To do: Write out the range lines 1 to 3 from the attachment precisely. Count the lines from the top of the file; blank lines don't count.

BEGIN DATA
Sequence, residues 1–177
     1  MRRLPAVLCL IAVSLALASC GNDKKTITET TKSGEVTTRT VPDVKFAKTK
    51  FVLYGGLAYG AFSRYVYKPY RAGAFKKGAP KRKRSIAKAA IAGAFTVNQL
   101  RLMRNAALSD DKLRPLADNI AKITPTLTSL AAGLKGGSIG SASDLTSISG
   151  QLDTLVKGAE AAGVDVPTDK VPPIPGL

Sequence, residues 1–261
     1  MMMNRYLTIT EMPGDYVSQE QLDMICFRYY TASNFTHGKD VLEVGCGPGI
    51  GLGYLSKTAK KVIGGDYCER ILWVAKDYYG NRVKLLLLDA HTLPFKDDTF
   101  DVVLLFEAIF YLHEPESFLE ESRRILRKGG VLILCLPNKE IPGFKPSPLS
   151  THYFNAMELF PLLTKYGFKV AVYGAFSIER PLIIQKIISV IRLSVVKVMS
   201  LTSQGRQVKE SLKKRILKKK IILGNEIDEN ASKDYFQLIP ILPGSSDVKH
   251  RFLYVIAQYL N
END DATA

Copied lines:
Sequence, residues 1–177
     1  MRRLPAVLCL IAVSLALASC GNDKKTITET TKSGEVTTRT VPDVKFAKTK
    51  FVLYGGLAYG AFSRYVYKPY RAGAFKKGAP KRKRSIAKAA IAGAFTVNQL